Be Safe, Be Seen

pedestrian conspicuityOne would think that the most likely pedestrian to be struck on our highways would be a child. They are impulsive, may not follow the rules because they don't know them, and have not yet had the experience to fear the outcome of a bad decision.

If you do think that this is the case, you would be wrong. The most likely age group to be involved in a pedestrian collision is the 26 to 35 year olds, followed by the 36 to 45 year olds and then the 46 to 55 year olds.

These three age groups account for 3 of the 7 pedestrians struck on B.C. highways every day and pedestrians account for 14% of Canadian traffic fatalities.

Old enough to know better? One would certainly hope so!

According to ICBC, 57 pedestrians are killed and 2,600 are injured each year in collisions, with 78% of incidents happening at intersections.

Yes, the laws say that vehicles and pedestrians each "own" their allotted portions of the highways and must look out for each other. This doesn't always happen, so drivers and pedestrians alike need to take more care during the twilight and hours of darkness to stay out of each others way.

Pedestrian safety depends on the ability to be seen. This can be a challenge as most pedestrians think that they are much more visible than they really are. Being over confident of your conspicuity can lead to taking risks where you cannot win.

While the courts have decided that a pedestrian might choose to dress in black without being negligent, they must factor the ability to be seen by others into their decisions when they are on the roadway.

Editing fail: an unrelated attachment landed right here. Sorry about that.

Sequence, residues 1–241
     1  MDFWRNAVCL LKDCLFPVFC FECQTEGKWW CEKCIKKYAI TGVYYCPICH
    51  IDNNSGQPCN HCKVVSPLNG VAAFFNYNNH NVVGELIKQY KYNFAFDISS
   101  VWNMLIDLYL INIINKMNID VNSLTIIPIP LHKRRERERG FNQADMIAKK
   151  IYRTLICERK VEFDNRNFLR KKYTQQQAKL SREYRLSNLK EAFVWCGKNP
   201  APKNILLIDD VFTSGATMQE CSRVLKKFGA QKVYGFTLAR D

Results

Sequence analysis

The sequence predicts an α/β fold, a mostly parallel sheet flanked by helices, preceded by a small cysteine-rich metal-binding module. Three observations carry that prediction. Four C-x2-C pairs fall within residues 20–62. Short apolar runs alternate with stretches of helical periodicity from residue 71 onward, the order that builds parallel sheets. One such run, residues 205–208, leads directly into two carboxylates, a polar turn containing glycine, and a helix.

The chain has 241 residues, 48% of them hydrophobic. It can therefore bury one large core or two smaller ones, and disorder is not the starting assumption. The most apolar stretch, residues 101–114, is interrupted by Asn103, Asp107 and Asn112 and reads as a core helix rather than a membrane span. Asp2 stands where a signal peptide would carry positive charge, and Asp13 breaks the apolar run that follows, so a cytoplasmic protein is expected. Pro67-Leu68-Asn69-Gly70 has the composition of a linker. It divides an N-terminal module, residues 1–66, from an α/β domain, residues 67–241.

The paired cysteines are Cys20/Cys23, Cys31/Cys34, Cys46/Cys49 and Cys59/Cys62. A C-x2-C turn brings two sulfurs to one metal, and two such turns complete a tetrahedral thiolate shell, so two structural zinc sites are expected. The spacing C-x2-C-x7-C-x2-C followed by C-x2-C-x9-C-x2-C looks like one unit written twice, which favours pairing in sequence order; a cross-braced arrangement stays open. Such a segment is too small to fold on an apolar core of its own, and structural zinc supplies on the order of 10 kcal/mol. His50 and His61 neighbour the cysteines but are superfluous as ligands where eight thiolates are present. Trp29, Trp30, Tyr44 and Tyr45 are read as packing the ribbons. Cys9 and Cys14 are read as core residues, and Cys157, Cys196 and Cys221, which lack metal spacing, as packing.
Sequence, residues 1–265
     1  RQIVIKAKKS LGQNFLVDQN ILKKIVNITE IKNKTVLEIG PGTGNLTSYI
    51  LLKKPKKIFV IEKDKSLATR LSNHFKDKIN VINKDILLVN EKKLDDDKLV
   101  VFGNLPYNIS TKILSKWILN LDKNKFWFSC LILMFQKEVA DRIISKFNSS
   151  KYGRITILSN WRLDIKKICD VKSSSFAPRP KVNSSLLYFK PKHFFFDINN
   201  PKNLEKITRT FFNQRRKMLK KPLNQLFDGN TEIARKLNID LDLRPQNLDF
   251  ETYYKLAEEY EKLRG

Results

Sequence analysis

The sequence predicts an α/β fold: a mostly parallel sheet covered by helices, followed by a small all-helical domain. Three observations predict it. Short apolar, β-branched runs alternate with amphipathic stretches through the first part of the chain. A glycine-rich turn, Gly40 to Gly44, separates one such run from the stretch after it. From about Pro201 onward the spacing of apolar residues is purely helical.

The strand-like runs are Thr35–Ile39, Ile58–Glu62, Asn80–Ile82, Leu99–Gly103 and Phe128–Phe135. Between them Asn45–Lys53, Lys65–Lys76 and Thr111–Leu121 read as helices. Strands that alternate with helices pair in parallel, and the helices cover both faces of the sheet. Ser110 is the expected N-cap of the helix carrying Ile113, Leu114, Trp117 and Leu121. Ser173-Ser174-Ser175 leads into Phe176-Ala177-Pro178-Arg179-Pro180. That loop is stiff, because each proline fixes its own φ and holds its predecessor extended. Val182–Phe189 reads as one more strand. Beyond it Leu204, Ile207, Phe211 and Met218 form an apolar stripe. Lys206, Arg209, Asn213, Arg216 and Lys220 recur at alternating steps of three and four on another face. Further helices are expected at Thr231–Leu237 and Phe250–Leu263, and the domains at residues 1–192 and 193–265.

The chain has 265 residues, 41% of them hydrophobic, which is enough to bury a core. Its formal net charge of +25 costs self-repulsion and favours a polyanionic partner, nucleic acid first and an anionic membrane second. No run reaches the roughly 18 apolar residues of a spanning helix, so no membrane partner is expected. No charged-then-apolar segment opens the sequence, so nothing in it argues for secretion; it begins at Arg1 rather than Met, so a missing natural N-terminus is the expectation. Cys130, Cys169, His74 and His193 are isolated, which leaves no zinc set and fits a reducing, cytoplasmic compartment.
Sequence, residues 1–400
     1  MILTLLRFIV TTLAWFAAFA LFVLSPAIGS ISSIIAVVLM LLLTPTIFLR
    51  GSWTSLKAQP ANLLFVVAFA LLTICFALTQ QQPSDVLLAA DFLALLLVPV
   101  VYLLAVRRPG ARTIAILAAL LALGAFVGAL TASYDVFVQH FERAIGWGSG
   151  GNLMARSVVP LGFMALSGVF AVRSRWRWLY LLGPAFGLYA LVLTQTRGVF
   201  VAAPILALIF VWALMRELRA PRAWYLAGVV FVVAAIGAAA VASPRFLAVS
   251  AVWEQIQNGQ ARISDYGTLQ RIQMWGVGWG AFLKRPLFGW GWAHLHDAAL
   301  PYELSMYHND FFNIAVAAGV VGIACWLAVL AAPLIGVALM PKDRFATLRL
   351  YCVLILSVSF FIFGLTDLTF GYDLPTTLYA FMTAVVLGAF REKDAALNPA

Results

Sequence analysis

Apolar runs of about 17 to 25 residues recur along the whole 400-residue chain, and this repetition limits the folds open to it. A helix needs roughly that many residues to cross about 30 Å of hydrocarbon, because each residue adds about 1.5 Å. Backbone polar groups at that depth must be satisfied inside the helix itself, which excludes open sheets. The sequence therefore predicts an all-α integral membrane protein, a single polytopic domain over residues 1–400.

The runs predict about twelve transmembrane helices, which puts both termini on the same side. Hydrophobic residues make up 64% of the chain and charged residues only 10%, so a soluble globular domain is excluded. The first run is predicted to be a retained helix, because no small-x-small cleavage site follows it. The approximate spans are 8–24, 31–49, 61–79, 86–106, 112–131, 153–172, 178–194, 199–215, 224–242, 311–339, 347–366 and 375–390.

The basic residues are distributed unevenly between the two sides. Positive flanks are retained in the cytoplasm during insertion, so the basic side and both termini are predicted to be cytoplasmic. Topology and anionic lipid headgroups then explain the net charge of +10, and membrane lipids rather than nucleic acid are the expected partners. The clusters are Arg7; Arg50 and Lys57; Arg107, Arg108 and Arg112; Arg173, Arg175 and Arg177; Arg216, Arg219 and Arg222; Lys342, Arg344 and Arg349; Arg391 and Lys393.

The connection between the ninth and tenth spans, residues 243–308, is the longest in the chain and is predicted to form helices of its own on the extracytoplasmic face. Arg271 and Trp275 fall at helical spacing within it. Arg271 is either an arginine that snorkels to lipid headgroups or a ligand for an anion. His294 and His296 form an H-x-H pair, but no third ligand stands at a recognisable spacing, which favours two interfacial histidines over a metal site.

One cannot depend on light coloured clothing for protection during periods of low light. Studies have shown that pedestrians dressed in black with small reflectors at ankles, knees, hips, wrists, elbows and shoulders are recognizable, and avoidable, well before a pedestrian dressed completely in white with no reflectors.

This phenomenon is known as biological motion.

An interesting consideration is that low beam headlights are aimed to the right to keep out of the eyes of approaching drivers. You will not be as well lit while walking from left to right across the front of a vehicle.

Perhaps the best defensive attitude for a pedestrian is to always assume that drivers cannot see you.

When the paths of drivers and pedestrians must cross, be sure that you are well aware of each other and communicate your intentions to avoid a collision.


In Oceanside there are far too many pedestrians not wearing reflective clothing and insisting on wearing black clothing.  They do not give a driver a chance to see them. I wish they would be held responsible and have to wear a reflective vest. This is specially in our area with no sidewalks on most of our roads. We also feel the same about cyclists so many without reflectors or reflective clothing.

Here's something that drivers and pedestrians alike would be wise to consider, and I think it's related.

The structure of modern vehicles is designed to maintain the integrity of the passenger compartment - which requires thicker A pillars (and B pillars - when's the last time you saw a 'hardtop'?) and C pillars. Plus which, they've gone from an airbag in the steering wheel and an airbag in the dashboard to modern designs with a dozen or more airbags designed, to cushion and protect vehicle occupants during the milliseconds of physical violence when a crash occurs.

Meanwhile, for reasons of fuel economy and styling, the rake of the windshield is also much more pronounced in modern cars.

The downside of this, is that many vehicles have quite massive A-pillars, and these can make it particularly hard to see pedestrians, particularly if they're near the diagonally opposite corner of an intersection. So, just because you have seen the vehicle, doesn't mean that you have been seen. And of course, at night, it's much more of a challenge for a pedestrian to make eye contact with a driver anyway.